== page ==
North Carolina

  1. Law (schools): N.C. Session Law 2021-180, Section 9G.8.(a) (at 237)
  2. Proposed Regulation (Schools): 10A N.C. Admin. Code § 41C.1005
  3. Regulation (Child Care): 15A N.C. Admin. Code § 18A.2816
  4. Lead Poisoning Hazard (10 ppb for water): G.S. 130A-131.7(7)(g)

North Dakota

  1. Caroline Packenham, How States Are Handling Lead in School Drinking Water, NASBE, (Nov. 2021) at Table 1, accessed at [LINK]; and ND DEQ, Lead in Schools [LINK]


  1. Caroline Packenham, How States Are Handling Lead in School Drinking Water, NASBE, (Nov. 2021) at Table 1, accessed at [LINK]
  2. Ohio Facilities Construction Commission, “Lead plumbing fixture replacement assistance grants program,” January 2019. Available at [LINK]
  3. Ohio Dept of Health, Lead in Drinking Water (child care) [LINK]


  1. Caroline Packenham, How States Are Handling Lead in School Drinking Water, NASBE, (Nov. 2021) at Table 1, accessed at [LINK]; and OK DEQ, LWSC Results, at [LINK]


  1. Oregon Administrative Rules, “Reducing Lead in School Drinking Water,” available at [LINK]
  2. ORS, Ch. 332.334, accessed at [LINK]
  3. Oregon Laws 2017, Chapter 700
  4. Oregon Early Learning, “Preventing exposure to lead” available at [LINK]
  5. Multnomah County, Lead in Plumbing, at [LINK]
  6. Rebecca Ellis, Portland plans faster action to reduce lead in drinking water, OPB, Jan 15, 2022, at [LINK]


  1. Pennsylvania Act 39, “An act relating to the public school system” available at [LINK]
  2. “Governor Wolf Announces Funding to Support PWSA Lead Line Replacement,” October 17th 2018 available at [LINK]
  3. Morgan Lewis, Pennsylvania Paves Way to Eliminate Major Risk of Lead in Drinking Water, JDSupra, Oct. 9, 2019, at [LINK]
  4. Environmental Defense Fund, “Pennsylvania empowers municipalities to replace lead service lines,” December 11, 2017. Available at [LINK]

Rhode Island

  1. Rhode Island Department of Health, “Lead in School and Daycare Facility Drinking Water” available at [LINK]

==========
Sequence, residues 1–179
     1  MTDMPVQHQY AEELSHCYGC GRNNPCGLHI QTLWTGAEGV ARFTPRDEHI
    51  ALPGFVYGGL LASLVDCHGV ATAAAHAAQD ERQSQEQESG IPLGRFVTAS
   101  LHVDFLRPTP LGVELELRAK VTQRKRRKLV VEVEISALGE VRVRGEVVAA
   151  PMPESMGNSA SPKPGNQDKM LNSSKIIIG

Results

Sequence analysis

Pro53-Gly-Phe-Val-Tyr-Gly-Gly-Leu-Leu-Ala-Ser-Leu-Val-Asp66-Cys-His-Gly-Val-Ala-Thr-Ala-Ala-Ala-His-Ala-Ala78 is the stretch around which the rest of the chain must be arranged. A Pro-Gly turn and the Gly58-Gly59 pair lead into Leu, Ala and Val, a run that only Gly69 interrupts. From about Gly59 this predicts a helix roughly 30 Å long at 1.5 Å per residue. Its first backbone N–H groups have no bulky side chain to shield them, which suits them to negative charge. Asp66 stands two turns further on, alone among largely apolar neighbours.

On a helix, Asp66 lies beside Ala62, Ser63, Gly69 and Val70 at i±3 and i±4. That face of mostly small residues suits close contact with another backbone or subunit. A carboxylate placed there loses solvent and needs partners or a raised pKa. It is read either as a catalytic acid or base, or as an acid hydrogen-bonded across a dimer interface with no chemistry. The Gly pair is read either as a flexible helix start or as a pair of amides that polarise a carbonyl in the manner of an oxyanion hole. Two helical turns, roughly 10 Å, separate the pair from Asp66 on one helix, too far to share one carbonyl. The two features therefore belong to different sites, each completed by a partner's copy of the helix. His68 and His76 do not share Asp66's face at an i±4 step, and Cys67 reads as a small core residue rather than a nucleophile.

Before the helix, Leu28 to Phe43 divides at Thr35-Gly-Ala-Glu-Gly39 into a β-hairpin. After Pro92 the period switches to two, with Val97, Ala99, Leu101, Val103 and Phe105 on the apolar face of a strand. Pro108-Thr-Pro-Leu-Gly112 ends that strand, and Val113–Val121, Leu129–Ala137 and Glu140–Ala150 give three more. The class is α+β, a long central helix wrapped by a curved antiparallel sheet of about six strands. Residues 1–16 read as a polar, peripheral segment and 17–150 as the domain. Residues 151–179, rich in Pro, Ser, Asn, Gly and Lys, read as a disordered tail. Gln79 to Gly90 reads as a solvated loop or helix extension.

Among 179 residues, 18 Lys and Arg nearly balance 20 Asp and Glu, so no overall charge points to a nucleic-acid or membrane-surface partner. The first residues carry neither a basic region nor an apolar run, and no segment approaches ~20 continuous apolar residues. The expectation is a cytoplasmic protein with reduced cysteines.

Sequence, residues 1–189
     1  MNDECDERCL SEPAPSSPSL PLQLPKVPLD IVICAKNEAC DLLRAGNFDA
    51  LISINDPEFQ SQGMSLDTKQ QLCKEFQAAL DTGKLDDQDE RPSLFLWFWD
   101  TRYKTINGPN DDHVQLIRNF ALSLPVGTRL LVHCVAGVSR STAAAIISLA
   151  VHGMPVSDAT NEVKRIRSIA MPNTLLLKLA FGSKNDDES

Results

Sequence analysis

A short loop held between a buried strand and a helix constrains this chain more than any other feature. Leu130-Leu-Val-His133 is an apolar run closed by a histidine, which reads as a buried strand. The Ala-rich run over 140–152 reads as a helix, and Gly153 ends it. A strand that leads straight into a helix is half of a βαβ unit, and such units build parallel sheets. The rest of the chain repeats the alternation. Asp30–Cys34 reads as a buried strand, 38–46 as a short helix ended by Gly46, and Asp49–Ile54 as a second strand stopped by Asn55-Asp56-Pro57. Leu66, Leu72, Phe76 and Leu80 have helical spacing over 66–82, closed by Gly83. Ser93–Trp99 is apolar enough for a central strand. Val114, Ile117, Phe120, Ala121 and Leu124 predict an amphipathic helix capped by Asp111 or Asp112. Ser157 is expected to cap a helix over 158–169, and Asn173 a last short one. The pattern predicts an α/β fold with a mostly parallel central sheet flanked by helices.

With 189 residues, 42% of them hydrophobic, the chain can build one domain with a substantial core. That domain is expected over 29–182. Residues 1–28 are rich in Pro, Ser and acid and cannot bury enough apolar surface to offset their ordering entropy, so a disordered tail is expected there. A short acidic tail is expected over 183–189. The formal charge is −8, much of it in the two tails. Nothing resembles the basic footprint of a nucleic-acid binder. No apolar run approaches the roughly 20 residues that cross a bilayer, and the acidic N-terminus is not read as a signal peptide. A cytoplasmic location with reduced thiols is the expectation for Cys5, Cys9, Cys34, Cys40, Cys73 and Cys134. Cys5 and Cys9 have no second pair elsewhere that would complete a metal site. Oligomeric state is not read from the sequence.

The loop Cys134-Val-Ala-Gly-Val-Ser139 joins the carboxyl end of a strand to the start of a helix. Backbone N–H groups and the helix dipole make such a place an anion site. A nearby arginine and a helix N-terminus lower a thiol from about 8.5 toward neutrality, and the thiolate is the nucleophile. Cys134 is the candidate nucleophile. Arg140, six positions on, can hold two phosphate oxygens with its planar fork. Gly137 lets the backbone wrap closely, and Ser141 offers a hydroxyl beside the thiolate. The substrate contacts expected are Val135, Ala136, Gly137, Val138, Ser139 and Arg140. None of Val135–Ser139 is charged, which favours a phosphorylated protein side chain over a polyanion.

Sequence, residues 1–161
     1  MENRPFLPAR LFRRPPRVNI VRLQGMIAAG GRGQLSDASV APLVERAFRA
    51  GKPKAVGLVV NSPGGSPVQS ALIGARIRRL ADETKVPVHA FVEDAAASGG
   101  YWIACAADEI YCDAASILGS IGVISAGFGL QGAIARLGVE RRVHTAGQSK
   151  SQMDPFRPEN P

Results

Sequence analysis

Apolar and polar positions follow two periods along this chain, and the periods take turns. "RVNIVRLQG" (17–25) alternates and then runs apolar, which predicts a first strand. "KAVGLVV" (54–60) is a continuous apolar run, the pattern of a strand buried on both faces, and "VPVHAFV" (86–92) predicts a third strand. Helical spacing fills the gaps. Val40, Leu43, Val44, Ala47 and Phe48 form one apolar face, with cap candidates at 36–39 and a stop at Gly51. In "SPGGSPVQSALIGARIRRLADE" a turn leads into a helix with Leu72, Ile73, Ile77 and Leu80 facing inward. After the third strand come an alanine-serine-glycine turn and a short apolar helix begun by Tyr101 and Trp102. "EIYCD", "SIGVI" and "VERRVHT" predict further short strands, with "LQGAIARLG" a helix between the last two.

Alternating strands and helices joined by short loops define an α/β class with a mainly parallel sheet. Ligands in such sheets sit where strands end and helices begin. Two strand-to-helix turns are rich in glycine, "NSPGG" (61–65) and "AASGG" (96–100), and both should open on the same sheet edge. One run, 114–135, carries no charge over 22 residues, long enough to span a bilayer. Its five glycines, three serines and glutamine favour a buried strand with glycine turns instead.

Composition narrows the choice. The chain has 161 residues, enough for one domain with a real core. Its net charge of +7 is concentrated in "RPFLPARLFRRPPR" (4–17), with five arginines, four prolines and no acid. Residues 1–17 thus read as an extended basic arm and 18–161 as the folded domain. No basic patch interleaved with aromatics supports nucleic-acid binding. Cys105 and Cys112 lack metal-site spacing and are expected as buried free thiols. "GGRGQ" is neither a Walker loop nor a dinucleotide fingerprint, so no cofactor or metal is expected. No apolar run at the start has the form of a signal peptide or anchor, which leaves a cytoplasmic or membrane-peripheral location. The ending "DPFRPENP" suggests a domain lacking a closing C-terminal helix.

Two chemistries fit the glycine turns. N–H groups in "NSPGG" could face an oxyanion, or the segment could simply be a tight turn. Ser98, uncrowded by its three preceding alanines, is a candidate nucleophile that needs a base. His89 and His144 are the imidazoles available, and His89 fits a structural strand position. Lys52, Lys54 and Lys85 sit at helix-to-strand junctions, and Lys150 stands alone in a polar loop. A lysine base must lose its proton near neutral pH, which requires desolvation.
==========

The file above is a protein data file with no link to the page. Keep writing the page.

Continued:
2. “An Act Relating to Water and Navigation – Lead and Copper Drinking Water Protection Act” H 8127. Enacted July 12 2016. Available at [LINK]
  3. Steve Ahlquist, UpriseRI, Important lead pipe replacement bill may not pass the General Assembly this session, June 22, 2022 at [LINK]
  4. Brent Addleman, New bill would work to eliminate lead pipes, The Center Square, Feb. 6, 2023 at [LINK]

South Carolina

  1. Caroline Packenham, How States Are Handling Lead in School Drinking Water, NASBE, (Nov. 2021) at Table 1, accessed at [LINK]; and SC DHEC, Lead Testing in Schools and Child Care Programs [LINK]

South Dakota

  1. Caroline Packenham, How States Are Handling Lead in School Drinking Water, NASBE, (Nov. 2021) at Table 1, accessed at [LINK]; and SD DANR, Lead in Schools, accessed Feb. 7, 2023 at [LINK]


  1. “AN ACT to amend Tennessee Code Annotated, Title 49; Title 68 and Title 69, relative to water quality in schools,” Tennessee Public Chapter No. 977. Available at [LINK]


  1. Caroline Packenham, How States Are Handling Lead in School Drinking Water, NASBE, (Nov. 2021) at Table 1, accessed at [LINK]; and TCEQ, Voluntary Lead Testing in School and Child Care Drinking Water, at [LINK] and Program Results at [LINK]


  1. Utah Code Ann. § 19-4-115
  2. Schools and Childcare Facilities: Lead-free Learning Initiative, Utah DEQ (with links to EPA’s 3Ts for testing and sampling)


  1. Vt. Stat. Ann. tit. 18, § 1243 (see also, §§1244-48),
  2. Rule Governing Testing and Remediation of Lead in the Drinking Water of Schools and Child Care Facilities 12-5 Vt. Code R. § 63


  1. Va. Code Ann. § 22.1-135.1
  2. Drinking Water Funding Program Details, VA Dept of Health accessed 1-27-23.


  1. The Bruce Speight Act, Wash. Rev. Code Ann. § 43.70.830, [LINK]
  2. Schools—Lead In Drinking Water
  3. Dept. of Health, School Requirements for Lead in Drinking Water
  4. Dept. of Health, Technical Guidance for Lead in School Drinking Water
  5. Safe Water Sources (in Child Care) rule WAC 110-300-0235
  6. Dept. of Health, Testing for Lead in Drinking Water in Child Care Programs
  7. Dept. of Health, Fact Sheet: Directive 16-06: Lead Service Lines and Lead Components (Jan 2022)

West Virginia

  1. Caroline Packenham, How States Are Handling Lead in School Drinking Water, NASBE, (Nov. 2021) at Table 1, accessed at [LINK]


  1. Urban Milwaukee, Gov. Walker announces 35 municipalities to receive $13.8 million to remove lead service lines, June 28, 2017, at [LINK]
  2. “Community and utility efforts to replace lead service lines,” Environmental Defense Fund, available at [LINK]
  3. Wisconsin statutes 196.37 (6) est. by SB 48 (2018), at [LINK]


  1. WDE, Grant Applications for Lead Testing in Schools, accessed Feb 3, 2023 at [LINK]

John Rumpler

Clean Water Director and Senior Attorney, Environment America Research & Policy Center

John directs Environment America's efforts to protect our rivers, lakes, streams and drinking water. John’s areas of expertise include lead and other toxic threats to drinking water, factory farms and agribusiness pollution, algal blooms, fracking and the federal Clean Water Act. He previously worked as a staff attorney for Alternatives for Community & Environment and Tobacco Control Resource Center. John lives in Brookline, Massachusetts, with his family, where he enjoys cooking, running, playing tennis, chess and building sandcastles on the beach.

Matt Casale

Former Director, Environment Campaigns, U.S. PIRG Education Fund